More than 1,500 Palestinians have crossed freely from Gaza into Egypt via a border point controlled for the first time by Palestinian officials.
People surged forward to get their passports checked
Saturday was the first day Palestinians could use the reopened Rafah crossing - a vital gateway to the outside world for the Gaza Strip's economy.
Israel held the border station for nearly 40 years but ceded control to Palestinian forces after it withdrew.
The crossing reopened under the European Union's supervision.
Israeli forces continue, however, to keep a video watch from a nearby base and retain control over the movement of all goods and trade in and out of Gaza.
They will be able to raise objections if they believe that Islamic militants or anyone else crossing into Gaza pose a security threat to Israel.
While Rafah was opened for only four hours on Saturday, it will eventually operate round-the-clock.
The BBC's Alan Johnston in Gaza notes that Palestinians had always hated having to pass through Israeli checks at the frontier, where they were often subjected to delays and questioning.
'Gateway to freedom'
EU representative Mark Otter declared himself happy with the operation on the first day, and told the Palestinians that their taking control of the crossing was symbolically significant:
GAZA CROSSINGS DEAL
Palestinians in charge of crossing, but authority limited
EU monitors have power to detain individuals and vehicles
Israel can watch crossing on television screens
Israel can object to particular travellers, but cannot veto passage
Imports from Egypt must go via Israeli checkpoint at Kerem Shalom
Palestinian bus convoys between Gaza and West Bank from December, and lorry convoys from January
Gaza sea port to be constructed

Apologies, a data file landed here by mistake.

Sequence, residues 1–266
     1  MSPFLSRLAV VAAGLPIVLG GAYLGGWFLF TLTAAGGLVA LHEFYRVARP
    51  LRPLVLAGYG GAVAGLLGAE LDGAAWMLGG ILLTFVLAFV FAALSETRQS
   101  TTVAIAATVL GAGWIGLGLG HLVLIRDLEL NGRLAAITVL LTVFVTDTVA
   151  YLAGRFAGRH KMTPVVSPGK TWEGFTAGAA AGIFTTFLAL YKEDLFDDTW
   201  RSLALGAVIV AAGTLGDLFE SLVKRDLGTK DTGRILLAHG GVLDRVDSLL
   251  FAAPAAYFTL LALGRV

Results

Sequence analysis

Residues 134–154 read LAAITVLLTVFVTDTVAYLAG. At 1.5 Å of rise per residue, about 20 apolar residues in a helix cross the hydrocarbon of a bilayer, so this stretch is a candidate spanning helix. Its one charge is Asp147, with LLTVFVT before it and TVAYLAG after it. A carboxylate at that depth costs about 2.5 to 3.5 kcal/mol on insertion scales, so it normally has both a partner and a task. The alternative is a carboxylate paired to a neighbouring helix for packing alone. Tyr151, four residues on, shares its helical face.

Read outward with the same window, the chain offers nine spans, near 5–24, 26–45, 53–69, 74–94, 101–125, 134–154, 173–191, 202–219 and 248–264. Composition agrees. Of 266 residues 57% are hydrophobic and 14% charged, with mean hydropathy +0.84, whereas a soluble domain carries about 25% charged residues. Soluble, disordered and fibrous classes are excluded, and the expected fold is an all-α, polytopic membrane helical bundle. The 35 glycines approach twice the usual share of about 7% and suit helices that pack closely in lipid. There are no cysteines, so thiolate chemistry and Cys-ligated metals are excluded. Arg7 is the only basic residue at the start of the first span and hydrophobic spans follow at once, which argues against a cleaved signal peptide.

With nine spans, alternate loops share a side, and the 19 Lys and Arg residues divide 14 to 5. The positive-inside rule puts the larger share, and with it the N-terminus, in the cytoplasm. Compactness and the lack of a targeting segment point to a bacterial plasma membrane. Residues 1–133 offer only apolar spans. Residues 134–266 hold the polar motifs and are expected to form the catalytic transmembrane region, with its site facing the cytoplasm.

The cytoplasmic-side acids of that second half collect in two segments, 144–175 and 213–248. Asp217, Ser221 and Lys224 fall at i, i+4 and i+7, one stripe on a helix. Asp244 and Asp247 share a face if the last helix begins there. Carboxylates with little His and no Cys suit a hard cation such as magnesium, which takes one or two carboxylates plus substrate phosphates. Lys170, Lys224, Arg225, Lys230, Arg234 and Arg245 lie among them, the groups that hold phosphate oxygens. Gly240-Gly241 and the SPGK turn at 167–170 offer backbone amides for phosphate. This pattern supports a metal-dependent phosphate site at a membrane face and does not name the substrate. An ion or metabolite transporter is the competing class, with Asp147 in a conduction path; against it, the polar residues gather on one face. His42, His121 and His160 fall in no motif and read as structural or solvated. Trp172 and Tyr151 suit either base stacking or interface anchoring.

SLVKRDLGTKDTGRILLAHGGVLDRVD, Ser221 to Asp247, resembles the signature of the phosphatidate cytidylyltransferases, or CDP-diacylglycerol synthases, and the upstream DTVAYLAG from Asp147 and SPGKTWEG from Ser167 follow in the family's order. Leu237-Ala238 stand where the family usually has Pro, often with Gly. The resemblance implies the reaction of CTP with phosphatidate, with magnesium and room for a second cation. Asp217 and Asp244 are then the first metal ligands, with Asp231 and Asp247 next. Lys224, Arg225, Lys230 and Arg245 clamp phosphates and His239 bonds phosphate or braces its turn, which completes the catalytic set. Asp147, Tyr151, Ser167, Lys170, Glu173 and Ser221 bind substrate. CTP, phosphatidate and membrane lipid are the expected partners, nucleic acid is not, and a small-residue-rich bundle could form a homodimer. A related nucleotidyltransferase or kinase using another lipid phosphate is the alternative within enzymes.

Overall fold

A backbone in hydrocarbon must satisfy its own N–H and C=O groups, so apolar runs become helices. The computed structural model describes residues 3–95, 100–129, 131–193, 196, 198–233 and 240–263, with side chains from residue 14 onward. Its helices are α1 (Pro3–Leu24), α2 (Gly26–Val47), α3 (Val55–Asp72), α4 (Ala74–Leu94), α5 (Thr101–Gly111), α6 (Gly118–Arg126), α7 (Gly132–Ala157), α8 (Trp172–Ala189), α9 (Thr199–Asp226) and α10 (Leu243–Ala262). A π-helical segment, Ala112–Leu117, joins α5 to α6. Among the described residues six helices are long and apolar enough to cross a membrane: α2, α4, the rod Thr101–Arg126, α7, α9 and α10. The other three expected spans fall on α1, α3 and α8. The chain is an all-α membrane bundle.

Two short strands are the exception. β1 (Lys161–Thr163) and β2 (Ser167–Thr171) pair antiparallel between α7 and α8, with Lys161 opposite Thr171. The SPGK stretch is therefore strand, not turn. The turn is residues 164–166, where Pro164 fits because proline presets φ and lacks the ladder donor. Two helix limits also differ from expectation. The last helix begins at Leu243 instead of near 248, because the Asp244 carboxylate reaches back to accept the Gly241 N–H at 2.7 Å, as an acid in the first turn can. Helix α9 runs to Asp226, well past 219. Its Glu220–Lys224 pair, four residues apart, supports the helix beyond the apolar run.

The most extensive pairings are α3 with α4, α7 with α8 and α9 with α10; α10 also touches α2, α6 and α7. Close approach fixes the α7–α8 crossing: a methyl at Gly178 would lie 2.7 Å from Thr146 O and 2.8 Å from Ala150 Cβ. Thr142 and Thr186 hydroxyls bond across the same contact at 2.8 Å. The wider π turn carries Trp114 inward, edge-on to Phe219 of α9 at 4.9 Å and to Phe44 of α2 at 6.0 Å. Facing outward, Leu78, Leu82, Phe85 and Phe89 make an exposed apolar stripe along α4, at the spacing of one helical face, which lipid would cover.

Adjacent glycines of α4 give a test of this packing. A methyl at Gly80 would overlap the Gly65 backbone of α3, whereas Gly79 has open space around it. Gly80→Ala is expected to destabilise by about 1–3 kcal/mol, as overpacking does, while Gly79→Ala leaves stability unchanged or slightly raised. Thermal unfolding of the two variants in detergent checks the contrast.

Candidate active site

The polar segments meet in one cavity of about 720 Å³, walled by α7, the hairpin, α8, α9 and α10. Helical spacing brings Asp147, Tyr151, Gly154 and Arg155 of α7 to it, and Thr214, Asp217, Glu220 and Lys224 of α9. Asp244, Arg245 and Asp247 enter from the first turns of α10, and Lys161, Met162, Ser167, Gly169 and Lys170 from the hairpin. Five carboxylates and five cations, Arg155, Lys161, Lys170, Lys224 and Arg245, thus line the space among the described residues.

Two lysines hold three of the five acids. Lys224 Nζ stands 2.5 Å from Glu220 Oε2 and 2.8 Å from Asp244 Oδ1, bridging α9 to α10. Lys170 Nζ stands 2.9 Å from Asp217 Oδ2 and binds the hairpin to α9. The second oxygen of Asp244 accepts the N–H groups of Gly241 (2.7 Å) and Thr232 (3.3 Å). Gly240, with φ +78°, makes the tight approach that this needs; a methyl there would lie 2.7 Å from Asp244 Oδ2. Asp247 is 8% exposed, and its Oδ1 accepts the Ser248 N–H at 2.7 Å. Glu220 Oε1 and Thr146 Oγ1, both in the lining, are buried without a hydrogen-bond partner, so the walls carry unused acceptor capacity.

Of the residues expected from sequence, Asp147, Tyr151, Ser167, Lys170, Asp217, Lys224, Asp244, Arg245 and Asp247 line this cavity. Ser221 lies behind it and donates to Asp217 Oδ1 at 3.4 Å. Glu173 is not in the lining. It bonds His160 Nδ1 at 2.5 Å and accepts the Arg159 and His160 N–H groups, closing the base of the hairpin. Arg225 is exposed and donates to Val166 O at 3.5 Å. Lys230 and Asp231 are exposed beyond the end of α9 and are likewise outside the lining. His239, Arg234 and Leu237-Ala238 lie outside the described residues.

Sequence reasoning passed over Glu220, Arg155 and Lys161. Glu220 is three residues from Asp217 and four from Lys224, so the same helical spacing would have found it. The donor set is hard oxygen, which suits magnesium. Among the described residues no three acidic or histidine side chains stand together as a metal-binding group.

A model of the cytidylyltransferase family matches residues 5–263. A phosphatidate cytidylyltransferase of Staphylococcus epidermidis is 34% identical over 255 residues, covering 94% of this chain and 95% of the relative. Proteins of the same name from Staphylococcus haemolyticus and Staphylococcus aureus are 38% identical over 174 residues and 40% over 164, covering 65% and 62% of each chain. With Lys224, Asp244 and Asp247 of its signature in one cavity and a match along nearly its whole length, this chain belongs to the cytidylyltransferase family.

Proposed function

"You are slowly acquiring all the prerogative of your sovereignty, of your future Palestinian state and your freedom that you deserve," he said.
A new banner at the terminal read: "Rafah crossing: the gateway to freedom."
Hundreds of people - some of whom had slept there for days - had gathered hoping to be among the first to cross the border.
"Today is a day of happiness for every Palestinian, the suffering is coming to an end," traveller Ali Qahman told Reuters news agency.
Among the first to cross was wheelchair-bound mother Naimeh Bayah, travelling from Jabaliya refugee camp to Egypt for surgery.
"I am so tired, but happy, because I made the crossing as a human being for the first time," she said.
"I had travelled before and I had to wait hours before getting in."
On Friday an official opening ceremony was attended by Palestinian leader Mahmoud Abbas and foreign officials.
Gaza has no sea port and Israel has not agreed to allow its international airport to re-open, so the Rafah border is Gaza's main gateway.
Israel closed the Rafah crossing on 7 September shortly after withdrawing from Gaza, citing concerns that it would be used to smuggle weapons and militants from Egypt.
The Israelis had opposed the reopening until US Secretary of State Condoleezza Rice secured a deal during a visit to the region earlier this month.